Travel Destinations / Namibia
Namibia is home to the oldest desert in the world, but don’t be fooled into thinking it is all that this fantastic destination has to offer. The country stretches for 1,300km along the west coast of Africa and varies between 480km and 930km in width from the coast inland. Namibia has been an independent country since 1990, after previous governing by South Africa and Germany before their southern neighbours.
The country itself is a marvellous destination for those after peace and tranquillity in the great outdoors. It is a wildlife rich country and is home to one of the best game reserves in the world, the Etosha National Park. Namibia is the 31st largest country in the world, but it has one of the lowest populations in the world, making the spaces between towns and cities vast, empty, yet captivating and unforgettable.
The country is known for its contrasting landscapes, from the barren Namib Desert, the immense dunes, the desolate plains and incredible mountain range at the foot of the plateau. Visitors will also find the gorgeous grasslands, thorn bushes in the savannah and the Fish River Canyon in the south of Namibia. To the north is the Okavango Delta and as one of the most unique and enchanting natural landscapes on the planet, it is certainly worth a visit while visiting Namibia.
Namibians are a very diverse group of people, but the one thing they all have in common is that they’re all extremely friendly and welcoming towards tourists. The further away from the cities you go, the more people will want to get to know you, and the more personal your Namibian holiday experience will become. Namibia is one of the kinds of places where you can stop and ask anyone for directions and you’ll be greeted with a smile and the information you need, should they know what you are looking for. Be friendly and courteous and it will be returned.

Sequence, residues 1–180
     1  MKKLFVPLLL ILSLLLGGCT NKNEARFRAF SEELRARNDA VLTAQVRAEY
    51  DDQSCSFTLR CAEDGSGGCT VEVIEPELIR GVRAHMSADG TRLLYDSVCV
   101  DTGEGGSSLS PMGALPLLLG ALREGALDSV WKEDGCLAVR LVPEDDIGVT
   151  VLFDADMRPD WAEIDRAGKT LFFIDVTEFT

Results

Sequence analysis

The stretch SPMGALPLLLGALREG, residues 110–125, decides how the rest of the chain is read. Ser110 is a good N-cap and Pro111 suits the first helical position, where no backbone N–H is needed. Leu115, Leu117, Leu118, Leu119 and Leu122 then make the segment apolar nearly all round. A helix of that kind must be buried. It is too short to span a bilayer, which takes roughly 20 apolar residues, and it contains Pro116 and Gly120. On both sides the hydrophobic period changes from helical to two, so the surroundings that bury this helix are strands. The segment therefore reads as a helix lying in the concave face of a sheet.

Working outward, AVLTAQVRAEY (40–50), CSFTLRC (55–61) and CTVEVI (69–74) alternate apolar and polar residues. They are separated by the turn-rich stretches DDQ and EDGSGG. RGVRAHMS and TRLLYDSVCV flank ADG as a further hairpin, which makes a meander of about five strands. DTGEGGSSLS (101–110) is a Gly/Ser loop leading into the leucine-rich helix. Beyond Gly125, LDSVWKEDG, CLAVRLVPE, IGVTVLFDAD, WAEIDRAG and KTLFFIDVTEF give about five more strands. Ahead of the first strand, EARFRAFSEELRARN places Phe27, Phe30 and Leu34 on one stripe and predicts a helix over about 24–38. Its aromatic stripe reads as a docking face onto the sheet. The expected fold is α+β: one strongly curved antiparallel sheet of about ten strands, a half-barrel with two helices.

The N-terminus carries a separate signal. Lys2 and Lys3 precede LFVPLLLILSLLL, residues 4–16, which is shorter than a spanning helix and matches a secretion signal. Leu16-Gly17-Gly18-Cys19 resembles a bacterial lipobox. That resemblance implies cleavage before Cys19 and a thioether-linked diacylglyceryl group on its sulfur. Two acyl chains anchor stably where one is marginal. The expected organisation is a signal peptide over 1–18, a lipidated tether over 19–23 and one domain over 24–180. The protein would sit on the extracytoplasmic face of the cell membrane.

There is no point in beating around the bush, but the only shopping you’re likely to get done on a trip to Namibia is that of African and local Namibian curios. That doesn’t mean that there is no shopping to be done in Namibia, however. The local population is made up of a number of tribes and all of them display and sell their traditional wares and tokens throughout the country, so you will get a fabulous variety of colours, shapes and trinkets to take home.
The Namibian Dollar (NAD; symbol N$) is in note denominations of N$200, 100, 50, 20 and 10.
Coins are in denominations of N$5, N$1, 50 cents, 10 cents and 5 cents.
Namibian Dollars are worth exactly the same as South African Rands, and both currencies are accepted throughout the country.
Yellow fever certificates are required should you have visited an infected area prior to arrival in Namibia. Polio vaccinations should also be up to date as Namibia experienced a Polio outbreak in July of 2006. If you’re going to the northern regions (Okavango Delta and Etosha) during the wet months, from January to April, it is advised that you take all necessary Malaria precautions. It is advised that visitors to Namibia seek medical advice and guidance at least 4 weeks before leaving on a Namibian holiday.
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Best time to visit
The best time to visit Namibia is during its winter months, just because the temperatures are more tolerable, although the nights can be very cold. From May to October is generally regarded as the best time to visit Namibia if you are after game viewing and wildlife in Etosha. This is because the skies are clear, the malaria threat is at its lowest and animals are congregated around the few remaining water source in the desert.
If you don’t mind very hot conditions, a summer trip through Namibia can be a wonderful experience, just beware of the “wet” season, as gravel roads can flood and become muddy messes in the blink of an eye.